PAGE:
October 27, 2015
Last updated on March 16, 2021
When social enterprise JobQuest first approached big business, their main challenge was how to reassure contractors of their high standards of safety and professionalism. Now, every year, 75-100 JobQuest participants are trained and employed on sites across western Sydney and Newcastle across five major contracts. Here’s how they did it.
JobQuest’s social enterprise arm creates property maintenance jobs for disadvantaged job seekers. Over two large sites, long-term unemployed, people with disabilities, refugees, homeless or at-risk youth maintain the gardens of public housing estates and community housing properties, as well as de-fit floors in large office blocks.
“We initially started this social enterprise because we found it difficult to get some of our clients into flexible employment,” says JobQuest Manager Ka Chan. “It may be due to their own personal situation, maybe they have drug and alcohol problems or family issues, and they may not be able to hold down a job with regular hours.
“A lot of employers find it really difficult to cope with such eccentric hours. However, they (the employees) must develop the ability to cope with the demands of employment.” The jobseekers first enter into casual employment, which then provides a pathway into full employment with flexible hours and support structure. In their social enterprise model, JobQuest’s ultimate aim is to assist people to develop confidence and job skills to become competitive in an open labour market.
Early days with GPT Group
JobQuest’s first partnership arrangement with GPT Group demonstrates how with perseverance and a willingness to experiment, a smaller contract can become successful for all parties.
Finding it very hard to gain industry recognition, JobQuest found the one-to-one, direct connection was the best way for them to proceed, rather than a formal tender or procurement process. “We first met GPT Group through Social Traders,” says Ka. They are very committed to social enterprise projects, and asked Social Traders to recommend three contractors as part of a trial, to help de-fit some floors of the MLC building in Sydney.”
At first, the cultural differences between the building and the community sectors looked huge, and it was not all smooth sailing for this cross-sector partnership. “Their contractors thought we could be a risk to ourselves and other people if we couldn’t follow their safety procedures.”
JobQuest worked hard to ensure all employee liaison went through their own staff, and while the initial relationship was challenging, Ka remembers: “In a short time the head contractor realised we could do the job. Probably as good as, if not better than their own employees – and then they understood why we’re doing it.”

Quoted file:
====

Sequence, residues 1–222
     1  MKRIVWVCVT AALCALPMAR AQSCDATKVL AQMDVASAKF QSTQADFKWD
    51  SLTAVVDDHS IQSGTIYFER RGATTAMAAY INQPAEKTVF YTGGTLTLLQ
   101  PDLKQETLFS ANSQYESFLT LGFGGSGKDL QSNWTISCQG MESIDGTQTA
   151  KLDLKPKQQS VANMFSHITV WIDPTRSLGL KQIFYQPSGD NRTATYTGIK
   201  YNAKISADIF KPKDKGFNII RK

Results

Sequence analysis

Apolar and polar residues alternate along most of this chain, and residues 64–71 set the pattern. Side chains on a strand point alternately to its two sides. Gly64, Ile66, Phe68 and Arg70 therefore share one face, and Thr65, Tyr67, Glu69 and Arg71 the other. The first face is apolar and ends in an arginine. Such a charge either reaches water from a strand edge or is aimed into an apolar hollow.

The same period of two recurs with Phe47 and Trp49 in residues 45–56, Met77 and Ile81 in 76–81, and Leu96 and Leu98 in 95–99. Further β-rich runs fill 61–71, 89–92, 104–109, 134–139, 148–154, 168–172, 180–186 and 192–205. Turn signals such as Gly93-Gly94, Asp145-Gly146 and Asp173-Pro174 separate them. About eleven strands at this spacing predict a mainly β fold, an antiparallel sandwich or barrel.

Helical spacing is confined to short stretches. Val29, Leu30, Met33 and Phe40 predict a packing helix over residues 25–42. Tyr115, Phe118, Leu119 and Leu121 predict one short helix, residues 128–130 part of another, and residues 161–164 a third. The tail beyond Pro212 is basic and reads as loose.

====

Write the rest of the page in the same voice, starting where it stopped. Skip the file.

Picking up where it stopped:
JobQuest’s Corporate Social Responsibility statement suggests ways in which businesses can invest their time and knowledge in social responsibility. Ka sees this as an ongoing process of education, and as with the GPT Group partnership, on other projects JobQuest has successfully turned around the idea of social enterprises as being ‘charity cases’. Ka notes a series of major maintenance projects with Transfield, as well as the Councils of Lake Macquarie and Newcastle that challenged their first impressions. “We are a smaller organisation and are lucky to have those connections.
“I think the private sector is a really valuable partner for us. At first, they don’t recognise us as part of the industry. And they are used to dealing with organisations like ours on a philanthropic basis, as in, giving us money. But we find that they don’t take us seriously as an industry partner until they get to know us and work with us.”
On one side, a smart strategy for survival
Long-term, JobQuest’s strategy to partner with large private sector companies such as GPT Group is paying off. While they receive some government funding for their training services, their commercial operations mean they can thrive. With the income and stability from their social procurement contracts JobQuest was able to launch a new Aged Care division to help pensioners and retirement villages maintain their gardens.
Ka sees their commercial contracts as more than simply money-spinners as well. “They allow us to extend our networks like with the GPT Group contract, and to meet groups like Social Traders. They also open doors for us and demonstrate that there are other innovative approaches than just relying on government funding.”
On the other, a smart business decision
Companies like GPT Group are always under pressure to find reliable sub-contractors. JobQuest’s certification (AS4801, the national OH&S standard), plus their training and rates, means they are on par with their other suppliers and contractors. “Big business find social enterprise a little bit better to deal with because we understand their customers too. They’re happy to use us because we can provide that stability; we may be slightly more expensive but they certainly get their value back.”
Throughout western Sydney and Newcastle, Jobquest helps disadvantaged members of the community to be independent and self-reliant, and to connect with their communities.